From smartphones and cameras to wireless headphones and battery packs, portable electronics proliferate. Consumers expect excellent resilience to device drops, increasing pressure on manufacturers to test thoroughly and optimize their designs. Veryst utilized its unique expertise in accurately modeling complex materials, conducting high strain rate testing, and simulating impact events to simulate the drop impact of an external battery pack.
Impact modeling of polymers is important given their use in consumer products as both structures and impact protection. Accurate FE models of impact events require high rate testing, advanced modeling, and a thorough understanding of polymer failure.
Biodegradable polymers are becoming increasingly attractive for consumer product applications such as electronic devices and disposable packaging. Modeling these materials during impact is challenging due to the complexity of the physical event and the scarcity of appropriate material models for biodegradable polymers.
Polymers exhibit significant temperature-dependent mechanical response. Veryst tested a PEEK material at multiple temperatures and calibrated the PolyUMod® Three Network (TN) material model for finite element simulation.
Understanding composite materials’ impact response as a function of fiber direction is important for a wide range of uses, from automotive applications for crashworthiness to consumer product uses for drop and impact resistance. Veryst evaluated the high strain rate response of both glass fiber and carbon fiber reinforced PEEK (polyether ether ketone) using the Split Hopkinson Pressure Bar test method.
This case study demonstrates the testing and calibration of a polycarbonate material at a high strain rate of 1000 sec-1. The testing was done with the Split Hopkinson Pressure Bar (SHPB) system and the calibration is performed with the MCalibration® software, originally developed by Veryst Engineering.
Veryst developed a new test method for measuring fracture toughness under impact loading that does not require measurement of load or crack length. We have used this method to help clients in the automotive and electronics industry understand how adhesives fail under impact conditions.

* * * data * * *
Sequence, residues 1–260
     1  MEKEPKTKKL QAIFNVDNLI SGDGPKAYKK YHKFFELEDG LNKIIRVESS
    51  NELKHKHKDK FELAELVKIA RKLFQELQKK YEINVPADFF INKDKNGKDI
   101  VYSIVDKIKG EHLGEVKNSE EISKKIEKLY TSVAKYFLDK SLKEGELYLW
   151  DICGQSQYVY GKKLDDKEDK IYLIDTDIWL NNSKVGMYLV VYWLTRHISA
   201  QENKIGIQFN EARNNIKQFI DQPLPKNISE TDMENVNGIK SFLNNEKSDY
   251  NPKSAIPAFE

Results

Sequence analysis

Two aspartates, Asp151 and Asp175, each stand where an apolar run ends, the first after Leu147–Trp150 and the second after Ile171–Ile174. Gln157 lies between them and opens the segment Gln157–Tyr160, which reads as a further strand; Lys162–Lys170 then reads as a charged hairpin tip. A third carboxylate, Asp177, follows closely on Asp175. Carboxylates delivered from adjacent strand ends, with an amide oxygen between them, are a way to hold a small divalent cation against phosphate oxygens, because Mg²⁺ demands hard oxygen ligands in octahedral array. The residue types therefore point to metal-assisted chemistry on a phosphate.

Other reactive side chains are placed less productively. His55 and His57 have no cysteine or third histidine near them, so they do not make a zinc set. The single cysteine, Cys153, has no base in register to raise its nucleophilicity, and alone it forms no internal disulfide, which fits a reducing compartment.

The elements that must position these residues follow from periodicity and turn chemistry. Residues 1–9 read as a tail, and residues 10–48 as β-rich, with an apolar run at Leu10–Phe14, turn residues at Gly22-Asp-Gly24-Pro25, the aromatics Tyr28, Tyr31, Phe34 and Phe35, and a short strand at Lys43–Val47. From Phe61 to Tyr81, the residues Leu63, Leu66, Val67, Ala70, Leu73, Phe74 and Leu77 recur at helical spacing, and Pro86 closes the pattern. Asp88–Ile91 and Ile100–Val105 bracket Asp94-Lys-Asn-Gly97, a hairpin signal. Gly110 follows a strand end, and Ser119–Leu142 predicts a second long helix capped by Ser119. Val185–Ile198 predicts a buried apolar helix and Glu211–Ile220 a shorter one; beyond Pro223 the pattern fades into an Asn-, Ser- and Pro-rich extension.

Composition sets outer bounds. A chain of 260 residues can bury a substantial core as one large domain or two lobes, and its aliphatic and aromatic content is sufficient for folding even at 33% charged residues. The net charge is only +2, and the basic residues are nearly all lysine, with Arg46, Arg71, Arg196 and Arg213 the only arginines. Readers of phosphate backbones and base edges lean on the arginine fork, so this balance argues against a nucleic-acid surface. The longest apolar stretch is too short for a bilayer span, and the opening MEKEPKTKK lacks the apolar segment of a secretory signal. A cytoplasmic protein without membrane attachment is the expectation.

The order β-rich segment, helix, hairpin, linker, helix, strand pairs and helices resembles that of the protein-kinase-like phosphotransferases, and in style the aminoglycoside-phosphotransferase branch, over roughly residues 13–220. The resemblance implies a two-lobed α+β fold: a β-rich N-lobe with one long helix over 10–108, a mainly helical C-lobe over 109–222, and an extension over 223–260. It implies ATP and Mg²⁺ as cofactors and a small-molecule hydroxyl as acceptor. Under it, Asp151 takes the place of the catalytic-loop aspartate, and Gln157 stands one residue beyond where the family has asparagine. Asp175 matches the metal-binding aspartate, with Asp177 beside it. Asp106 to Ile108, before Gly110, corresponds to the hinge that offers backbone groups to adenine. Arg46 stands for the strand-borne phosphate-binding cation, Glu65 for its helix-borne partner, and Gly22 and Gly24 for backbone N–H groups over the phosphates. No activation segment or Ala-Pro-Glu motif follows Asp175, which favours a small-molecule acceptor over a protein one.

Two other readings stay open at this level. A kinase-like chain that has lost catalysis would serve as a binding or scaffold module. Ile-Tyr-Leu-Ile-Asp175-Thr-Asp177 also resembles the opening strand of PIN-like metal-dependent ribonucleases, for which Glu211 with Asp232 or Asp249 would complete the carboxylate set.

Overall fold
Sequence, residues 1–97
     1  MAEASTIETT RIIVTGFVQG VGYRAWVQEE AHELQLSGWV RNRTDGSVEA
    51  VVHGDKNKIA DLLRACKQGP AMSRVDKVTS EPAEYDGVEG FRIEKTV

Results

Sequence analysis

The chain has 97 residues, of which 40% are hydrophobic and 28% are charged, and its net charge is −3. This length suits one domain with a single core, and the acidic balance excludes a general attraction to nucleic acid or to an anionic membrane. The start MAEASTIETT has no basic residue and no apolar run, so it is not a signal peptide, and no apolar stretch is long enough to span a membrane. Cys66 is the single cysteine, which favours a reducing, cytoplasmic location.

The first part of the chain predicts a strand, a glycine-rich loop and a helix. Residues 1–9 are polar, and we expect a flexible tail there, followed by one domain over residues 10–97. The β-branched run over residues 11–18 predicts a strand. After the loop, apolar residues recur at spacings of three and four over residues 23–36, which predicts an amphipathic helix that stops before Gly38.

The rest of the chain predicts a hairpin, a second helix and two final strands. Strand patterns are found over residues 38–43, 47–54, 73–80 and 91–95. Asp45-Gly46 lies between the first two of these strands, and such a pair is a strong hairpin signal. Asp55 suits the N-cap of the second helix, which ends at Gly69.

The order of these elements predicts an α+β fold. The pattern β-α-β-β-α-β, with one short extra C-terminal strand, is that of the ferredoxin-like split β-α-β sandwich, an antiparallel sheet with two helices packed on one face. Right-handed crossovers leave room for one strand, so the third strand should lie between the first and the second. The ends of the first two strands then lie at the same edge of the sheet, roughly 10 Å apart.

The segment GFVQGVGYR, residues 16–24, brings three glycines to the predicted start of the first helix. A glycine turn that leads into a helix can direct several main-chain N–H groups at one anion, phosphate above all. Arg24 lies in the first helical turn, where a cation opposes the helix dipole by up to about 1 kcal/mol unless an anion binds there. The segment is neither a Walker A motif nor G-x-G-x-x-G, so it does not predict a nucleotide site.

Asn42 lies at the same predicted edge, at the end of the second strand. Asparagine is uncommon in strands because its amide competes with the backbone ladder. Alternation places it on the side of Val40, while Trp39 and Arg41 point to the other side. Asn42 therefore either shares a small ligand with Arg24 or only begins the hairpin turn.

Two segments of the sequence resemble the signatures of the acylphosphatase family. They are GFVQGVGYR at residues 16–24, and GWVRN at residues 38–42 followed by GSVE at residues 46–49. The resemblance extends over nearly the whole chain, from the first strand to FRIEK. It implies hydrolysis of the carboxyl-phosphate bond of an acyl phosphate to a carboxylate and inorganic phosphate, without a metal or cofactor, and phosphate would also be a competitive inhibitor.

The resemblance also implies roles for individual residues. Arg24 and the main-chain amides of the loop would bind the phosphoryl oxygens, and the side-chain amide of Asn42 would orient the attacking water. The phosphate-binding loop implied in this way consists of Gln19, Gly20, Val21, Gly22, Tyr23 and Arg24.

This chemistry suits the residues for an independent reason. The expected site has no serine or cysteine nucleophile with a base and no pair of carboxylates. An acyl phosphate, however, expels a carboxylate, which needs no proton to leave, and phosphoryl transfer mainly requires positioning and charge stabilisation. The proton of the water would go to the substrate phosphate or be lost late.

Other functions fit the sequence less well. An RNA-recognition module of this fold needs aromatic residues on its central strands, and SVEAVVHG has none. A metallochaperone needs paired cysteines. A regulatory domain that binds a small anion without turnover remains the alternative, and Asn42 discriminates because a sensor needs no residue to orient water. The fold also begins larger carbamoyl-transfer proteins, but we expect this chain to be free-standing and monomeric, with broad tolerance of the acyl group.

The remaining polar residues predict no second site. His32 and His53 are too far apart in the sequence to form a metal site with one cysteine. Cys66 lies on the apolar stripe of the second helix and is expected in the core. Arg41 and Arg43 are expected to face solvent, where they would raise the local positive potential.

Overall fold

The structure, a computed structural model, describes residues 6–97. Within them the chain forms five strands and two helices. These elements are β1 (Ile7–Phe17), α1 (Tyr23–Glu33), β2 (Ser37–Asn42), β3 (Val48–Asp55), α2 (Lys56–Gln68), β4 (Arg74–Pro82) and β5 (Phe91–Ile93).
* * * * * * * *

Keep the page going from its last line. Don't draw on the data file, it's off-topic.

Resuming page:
All commercial FE packages provide material models for polymers, but Veryst Engineering’s PolyUMod® material library has advanced material models at the leading edge of polymer mechanics. We demonstrate the accuracy of a PolyUMod material model with native material models from Abaqus, ANSYS, and LS-DYNA.
Veryst offers expertise in simulation and testing of impact events with specialties including transient simulations, high strain-rate material characterization, modeling of failure mechanisms, and data processing and analysis. Veryst has served a wide range of industries in this area, such as consumer electronics, sports equipment, consumer appliances, and petrochemical engineering.
Veryst’s mechanical testing capabilities have been developed over the past decade and are motivated by the need for high quality data to characterize complex polymer behavior. We tailor our test programs based on our deep understanding of polymer and material mechanics and the challenges complex
Dr. Sean Teller's article appears in RubberWorld magazine’s January, 2019 edition. Dr. Teller explains the different test methods available to test elastomers and TPEs, advantages and disadvantages, and more.
Veryst’s new "In the Test Lab" webinar series focuses on polymer mechanics and experimental testing and features various experimental methods, test systems, and more. The first three webinars are now open for registration.
Dr. Mark Oliver spoke about “Applications of Digital Image Correlation in Adhesive Testing: Measuring High-Rate Fracture Toughness and Calibrating Cohesive Zone Models” at the 41st Annual Adhesion Society Meeting.
Dr. Sean Teller offered an on-demand presentation titled "Tensile Specimen Preparation Method Impacting Failure Behavior" at ANTEC Classic 2021, which took place online May 10-21, 2021. He discussed his investigation of the effect of the sample creation process on the results from standard tensile tests.